Former winner of both the points and best young rider jerseys at Paris-Nice, Julian Alaphilippe (Deceuninck – Quick-Step) will be joined at this year’s race by seven teammates: national champions Sam Bennett, a three-time stage winner here, Michael Mørkøv, and Bob Jungels, Zdenek Stybar, Kuurne-Brussels-Kuurne victor Kasper Asgreen, Tim Declercq and Yves Lampaert, two other riders who have enjoyed a solid and impressive outing on the Opening Weekend.
It will be the 78th edition of the race and it runs between the 8th and 15th of March. Three flat stages, two for attackers and those targeting the KOM jersey, a hilly individual time trial held in Alaphilippe’s hometown of Saint-Amand-Montrond, and two days that will seriously test the climbers make up the course of the “Race to the Sun”, which this season, for the first time in many years, won’t include the iconic Col d’Èze, a climb that has been decisive in the fight for the general classification on numerous occasions.
“Paris-Nice is one of the most prestigious stage races of the calendar and we are heading there determined to get some good results and add to the 15 stages won at the past editions. We have two leaders, Julian and Sam, who will both find stages that suit them and will be supported by a strong team comprising riders who have shown a good form recently and can control the race, but at the same time, seize the opportunity if it arises.”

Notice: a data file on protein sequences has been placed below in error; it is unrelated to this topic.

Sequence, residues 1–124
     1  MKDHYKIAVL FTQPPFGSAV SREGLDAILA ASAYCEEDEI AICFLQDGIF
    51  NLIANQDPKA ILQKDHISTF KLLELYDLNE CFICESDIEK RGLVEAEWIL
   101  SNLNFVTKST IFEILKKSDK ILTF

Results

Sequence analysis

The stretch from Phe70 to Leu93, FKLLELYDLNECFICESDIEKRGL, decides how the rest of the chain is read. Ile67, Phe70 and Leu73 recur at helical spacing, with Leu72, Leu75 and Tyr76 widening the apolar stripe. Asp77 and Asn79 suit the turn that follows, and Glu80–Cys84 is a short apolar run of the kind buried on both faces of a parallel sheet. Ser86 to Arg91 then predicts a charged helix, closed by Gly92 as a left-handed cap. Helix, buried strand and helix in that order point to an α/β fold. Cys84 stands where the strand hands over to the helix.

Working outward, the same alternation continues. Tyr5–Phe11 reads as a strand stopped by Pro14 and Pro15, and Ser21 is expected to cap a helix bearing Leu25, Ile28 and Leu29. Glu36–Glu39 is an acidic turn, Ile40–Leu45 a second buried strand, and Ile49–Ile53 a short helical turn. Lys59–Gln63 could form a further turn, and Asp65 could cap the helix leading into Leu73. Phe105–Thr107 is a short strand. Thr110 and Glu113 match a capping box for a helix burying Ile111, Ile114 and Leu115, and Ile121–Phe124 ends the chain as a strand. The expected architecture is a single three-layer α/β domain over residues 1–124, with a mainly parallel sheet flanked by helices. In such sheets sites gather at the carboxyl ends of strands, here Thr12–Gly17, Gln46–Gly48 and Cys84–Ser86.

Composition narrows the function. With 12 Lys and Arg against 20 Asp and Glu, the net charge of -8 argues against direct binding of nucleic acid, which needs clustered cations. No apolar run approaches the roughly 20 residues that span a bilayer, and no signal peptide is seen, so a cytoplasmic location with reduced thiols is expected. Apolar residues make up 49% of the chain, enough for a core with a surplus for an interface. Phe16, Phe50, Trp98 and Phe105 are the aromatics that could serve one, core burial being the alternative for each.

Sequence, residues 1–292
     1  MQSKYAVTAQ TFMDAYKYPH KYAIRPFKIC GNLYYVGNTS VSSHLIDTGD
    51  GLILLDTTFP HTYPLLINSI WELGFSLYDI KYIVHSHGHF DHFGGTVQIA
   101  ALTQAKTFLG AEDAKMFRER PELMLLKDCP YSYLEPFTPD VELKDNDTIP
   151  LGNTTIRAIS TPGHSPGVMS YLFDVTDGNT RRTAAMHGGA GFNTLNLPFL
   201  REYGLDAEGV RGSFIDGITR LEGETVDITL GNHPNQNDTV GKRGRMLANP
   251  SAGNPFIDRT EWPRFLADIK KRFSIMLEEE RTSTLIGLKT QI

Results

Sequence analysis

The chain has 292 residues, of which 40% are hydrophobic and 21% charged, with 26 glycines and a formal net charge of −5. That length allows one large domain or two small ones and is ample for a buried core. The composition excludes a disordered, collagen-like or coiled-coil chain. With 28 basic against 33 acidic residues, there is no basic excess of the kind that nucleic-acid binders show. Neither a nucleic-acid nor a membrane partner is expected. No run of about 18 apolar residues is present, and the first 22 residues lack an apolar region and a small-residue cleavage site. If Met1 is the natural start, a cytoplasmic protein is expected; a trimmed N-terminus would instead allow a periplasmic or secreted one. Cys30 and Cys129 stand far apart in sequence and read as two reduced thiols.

“The main goal is to win stages, but we could take an aim also at the general classification, depending on how things will go day by day. Not just the terrain will be important, but also the weather, as there’s a big chance of having some echelons on the first three stages, so we’ll have to remain alert and at all times focused”, explained sports director Tom Steels, who as a rider won six Paris-Nice stages in the ‘90s.
Deceuninck – Quick-Step CEO Patrick Lefevere explained the team’s decision to be at the start of the event: “While we understand why other teams have chosen not to race, we have decided that we will follow the guidelines set in place by the local authorities and the race organisers, and have faith in their assessment that it is safe for us to race. The health of our riders and staff is of course a priority and we will take all the necessary precautions to protect them, while still honouring our commitment to an important race.”